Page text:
Twenty Stone-Age Skeletons Found in Sahara Desert
Thursday, March 07, 2013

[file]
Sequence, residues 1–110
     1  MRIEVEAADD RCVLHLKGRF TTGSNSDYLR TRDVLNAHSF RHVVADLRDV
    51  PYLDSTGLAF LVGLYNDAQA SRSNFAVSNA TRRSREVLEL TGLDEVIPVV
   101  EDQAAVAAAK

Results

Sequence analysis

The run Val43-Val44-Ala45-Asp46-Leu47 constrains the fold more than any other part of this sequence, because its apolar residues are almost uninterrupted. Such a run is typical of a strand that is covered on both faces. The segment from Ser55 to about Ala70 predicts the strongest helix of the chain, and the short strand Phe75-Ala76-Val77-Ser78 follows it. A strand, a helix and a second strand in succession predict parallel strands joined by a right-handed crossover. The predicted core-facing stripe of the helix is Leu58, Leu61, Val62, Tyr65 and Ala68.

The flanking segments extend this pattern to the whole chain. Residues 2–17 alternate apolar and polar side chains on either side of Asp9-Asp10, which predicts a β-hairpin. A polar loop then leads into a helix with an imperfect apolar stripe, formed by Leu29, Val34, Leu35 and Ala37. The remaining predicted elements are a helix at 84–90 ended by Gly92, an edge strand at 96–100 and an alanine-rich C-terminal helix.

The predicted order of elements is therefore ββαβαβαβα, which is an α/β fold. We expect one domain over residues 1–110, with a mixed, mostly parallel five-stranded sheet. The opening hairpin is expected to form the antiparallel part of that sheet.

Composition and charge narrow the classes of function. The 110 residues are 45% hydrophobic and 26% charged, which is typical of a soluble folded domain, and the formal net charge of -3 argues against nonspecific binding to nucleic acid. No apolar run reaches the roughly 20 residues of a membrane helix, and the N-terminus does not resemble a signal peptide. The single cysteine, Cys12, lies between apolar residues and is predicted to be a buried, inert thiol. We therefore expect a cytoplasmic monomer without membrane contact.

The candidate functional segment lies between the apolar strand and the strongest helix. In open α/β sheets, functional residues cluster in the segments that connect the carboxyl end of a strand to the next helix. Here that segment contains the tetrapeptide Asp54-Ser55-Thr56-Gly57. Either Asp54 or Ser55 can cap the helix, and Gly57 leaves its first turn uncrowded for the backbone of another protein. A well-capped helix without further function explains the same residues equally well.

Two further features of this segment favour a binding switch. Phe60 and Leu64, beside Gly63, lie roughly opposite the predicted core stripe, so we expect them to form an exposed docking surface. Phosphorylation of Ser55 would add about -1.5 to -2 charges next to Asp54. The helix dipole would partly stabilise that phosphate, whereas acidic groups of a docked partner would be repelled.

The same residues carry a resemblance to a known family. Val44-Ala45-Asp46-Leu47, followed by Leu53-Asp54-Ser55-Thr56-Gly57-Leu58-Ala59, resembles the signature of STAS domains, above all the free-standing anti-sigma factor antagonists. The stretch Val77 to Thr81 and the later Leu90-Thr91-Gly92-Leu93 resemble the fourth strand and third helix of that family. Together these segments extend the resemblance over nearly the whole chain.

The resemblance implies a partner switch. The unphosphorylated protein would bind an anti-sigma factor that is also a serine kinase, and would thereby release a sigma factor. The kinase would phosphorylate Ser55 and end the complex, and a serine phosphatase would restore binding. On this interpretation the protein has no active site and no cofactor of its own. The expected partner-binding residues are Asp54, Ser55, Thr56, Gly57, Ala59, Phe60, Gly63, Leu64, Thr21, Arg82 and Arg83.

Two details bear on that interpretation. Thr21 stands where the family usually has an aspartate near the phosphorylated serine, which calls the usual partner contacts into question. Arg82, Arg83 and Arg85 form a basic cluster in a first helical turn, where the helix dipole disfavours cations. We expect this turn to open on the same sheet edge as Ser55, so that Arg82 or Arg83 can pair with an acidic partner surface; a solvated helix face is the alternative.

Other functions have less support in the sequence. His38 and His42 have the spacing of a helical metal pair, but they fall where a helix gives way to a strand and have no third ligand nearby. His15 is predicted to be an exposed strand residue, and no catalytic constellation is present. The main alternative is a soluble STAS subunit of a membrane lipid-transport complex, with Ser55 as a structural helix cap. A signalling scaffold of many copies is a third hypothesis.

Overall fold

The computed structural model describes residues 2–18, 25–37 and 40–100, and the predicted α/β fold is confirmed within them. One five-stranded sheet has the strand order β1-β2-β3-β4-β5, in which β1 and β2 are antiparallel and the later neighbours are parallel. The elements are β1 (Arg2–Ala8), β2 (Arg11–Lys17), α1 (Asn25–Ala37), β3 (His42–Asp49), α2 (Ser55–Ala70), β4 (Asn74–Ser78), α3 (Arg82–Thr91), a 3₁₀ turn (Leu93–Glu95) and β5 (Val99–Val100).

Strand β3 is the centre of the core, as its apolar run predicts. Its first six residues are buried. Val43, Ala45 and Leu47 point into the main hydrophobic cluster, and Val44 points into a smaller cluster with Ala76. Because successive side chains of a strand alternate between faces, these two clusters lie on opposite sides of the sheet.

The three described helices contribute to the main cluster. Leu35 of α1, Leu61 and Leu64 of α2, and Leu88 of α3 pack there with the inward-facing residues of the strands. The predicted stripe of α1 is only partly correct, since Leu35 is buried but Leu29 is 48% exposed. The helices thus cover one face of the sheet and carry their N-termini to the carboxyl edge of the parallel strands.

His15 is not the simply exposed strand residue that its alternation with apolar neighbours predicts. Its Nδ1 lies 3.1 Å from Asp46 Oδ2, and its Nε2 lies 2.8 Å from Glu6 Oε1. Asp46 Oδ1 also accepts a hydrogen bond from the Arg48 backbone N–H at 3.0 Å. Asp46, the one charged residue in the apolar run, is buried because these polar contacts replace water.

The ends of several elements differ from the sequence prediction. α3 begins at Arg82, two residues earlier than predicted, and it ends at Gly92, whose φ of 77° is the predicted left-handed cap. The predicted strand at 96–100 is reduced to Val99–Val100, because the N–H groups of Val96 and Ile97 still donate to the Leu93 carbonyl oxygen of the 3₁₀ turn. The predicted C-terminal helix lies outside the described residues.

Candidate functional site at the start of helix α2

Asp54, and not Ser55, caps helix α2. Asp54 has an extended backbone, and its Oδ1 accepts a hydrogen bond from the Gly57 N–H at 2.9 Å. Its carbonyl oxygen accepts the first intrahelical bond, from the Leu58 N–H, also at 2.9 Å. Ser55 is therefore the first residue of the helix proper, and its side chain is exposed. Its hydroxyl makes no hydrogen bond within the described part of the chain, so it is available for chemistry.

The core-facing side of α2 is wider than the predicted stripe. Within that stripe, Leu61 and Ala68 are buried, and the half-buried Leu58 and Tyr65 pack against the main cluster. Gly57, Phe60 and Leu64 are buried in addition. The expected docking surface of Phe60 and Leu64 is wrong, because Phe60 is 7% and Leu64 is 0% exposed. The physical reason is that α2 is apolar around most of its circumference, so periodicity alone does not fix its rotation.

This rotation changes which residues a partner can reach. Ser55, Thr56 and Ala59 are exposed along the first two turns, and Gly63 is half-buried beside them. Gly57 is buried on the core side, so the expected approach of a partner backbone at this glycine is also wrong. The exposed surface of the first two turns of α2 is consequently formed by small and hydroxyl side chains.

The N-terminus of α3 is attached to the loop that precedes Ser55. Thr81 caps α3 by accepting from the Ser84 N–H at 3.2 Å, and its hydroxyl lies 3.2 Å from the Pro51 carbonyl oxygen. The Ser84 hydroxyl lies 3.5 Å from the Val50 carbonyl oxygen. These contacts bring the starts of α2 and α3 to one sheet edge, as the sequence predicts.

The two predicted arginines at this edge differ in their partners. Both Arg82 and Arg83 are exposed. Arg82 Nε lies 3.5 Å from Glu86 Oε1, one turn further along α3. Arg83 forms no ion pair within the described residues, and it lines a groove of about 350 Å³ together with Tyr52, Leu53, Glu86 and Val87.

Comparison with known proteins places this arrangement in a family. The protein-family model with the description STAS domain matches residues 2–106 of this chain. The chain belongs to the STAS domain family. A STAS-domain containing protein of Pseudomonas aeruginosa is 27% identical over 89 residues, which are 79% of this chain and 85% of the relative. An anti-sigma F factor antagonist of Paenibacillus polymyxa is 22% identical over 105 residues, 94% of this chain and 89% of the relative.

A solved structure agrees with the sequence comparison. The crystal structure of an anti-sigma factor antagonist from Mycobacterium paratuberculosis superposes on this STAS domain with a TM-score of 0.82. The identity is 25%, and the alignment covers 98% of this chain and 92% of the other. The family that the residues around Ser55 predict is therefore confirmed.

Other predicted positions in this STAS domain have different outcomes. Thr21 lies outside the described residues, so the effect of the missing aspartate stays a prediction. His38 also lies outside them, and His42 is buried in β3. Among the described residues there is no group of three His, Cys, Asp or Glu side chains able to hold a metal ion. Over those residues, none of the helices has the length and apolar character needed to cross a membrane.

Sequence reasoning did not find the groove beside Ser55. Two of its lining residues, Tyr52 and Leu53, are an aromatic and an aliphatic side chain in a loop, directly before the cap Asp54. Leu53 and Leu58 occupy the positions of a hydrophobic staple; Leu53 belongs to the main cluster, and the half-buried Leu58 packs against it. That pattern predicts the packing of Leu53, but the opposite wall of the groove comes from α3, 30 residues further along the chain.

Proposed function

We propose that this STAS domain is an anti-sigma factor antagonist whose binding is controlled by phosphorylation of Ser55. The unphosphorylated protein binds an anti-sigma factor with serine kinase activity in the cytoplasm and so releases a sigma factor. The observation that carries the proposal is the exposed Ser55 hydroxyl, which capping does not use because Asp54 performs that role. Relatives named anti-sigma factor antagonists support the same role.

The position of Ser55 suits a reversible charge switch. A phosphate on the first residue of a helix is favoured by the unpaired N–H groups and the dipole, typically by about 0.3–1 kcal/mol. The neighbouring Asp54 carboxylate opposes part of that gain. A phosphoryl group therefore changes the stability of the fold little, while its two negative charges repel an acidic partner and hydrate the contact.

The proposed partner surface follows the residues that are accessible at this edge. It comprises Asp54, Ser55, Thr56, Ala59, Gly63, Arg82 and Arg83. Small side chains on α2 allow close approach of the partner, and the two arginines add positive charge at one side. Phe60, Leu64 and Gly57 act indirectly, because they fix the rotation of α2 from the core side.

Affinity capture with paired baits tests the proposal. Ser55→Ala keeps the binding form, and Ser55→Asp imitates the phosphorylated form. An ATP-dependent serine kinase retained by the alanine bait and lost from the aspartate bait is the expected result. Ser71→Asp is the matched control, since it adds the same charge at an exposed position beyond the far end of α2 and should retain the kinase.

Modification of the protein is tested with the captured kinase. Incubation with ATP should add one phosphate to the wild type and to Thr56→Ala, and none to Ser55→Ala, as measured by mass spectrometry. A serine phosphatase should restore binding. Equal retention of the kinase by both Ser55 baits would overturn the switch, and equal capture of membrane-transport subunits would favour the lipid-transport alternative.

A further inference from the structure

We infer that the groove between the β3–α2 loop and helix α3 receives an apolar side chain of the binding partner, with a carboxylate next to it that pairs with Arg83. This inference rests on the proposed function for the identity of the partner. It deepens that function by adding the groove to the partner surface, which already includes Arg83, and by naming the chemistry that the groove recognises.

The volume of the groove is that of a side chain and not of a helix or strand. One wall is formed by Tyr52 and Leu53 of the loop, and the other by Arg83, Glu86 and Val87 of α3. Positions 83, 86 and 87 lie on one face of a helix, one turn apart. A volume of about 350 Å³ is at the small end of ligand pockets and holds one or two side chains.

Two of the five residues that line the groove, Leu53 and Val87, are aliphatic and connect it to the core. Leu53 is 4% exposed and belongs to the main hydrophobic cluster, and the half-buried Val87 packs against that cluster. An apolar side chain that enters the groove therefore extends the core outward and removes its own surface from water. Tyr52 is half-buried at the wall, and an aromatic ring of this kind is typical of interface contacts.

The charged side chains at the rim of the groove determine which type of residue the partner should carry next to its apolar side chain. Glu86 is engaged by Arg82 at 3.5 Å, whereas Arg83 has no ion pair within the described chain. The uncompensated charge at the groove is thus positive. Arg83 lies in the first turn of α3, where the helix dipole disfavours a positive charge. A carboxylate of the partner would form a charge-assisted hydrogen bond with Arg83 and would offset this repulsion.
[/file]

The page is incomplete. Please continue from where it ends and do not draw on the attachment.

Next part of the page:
CAMBRIDGE, ENGLAND—Twenty skeletons have been found in and around a rock shelter in Libya’s Sahara Desert. The isotopes in their tooth enamel correspond with elements from the local environment, indicating that they had grown up and lived in the area. Fifteen of the skeletons represented women and children that had been buried in the rock shelter between 7,300 and 5,600 years ago. The remains of five men and juveniles had been buried under tumuli outside the rock shelter around 4,500 years ago, at a time when the region became more arid. Rock art in the area suggests that the people had herded cattle, which require more water, until climate change forced them to switch to keeping goats. The change in climate may be reflected in the patterns of the burials. “It must have been a place of memory. People throughout time have kept it, and they have buried their people, over and over, generation after generation,” said Mary Anne Tafuri of the University of Cambridge.
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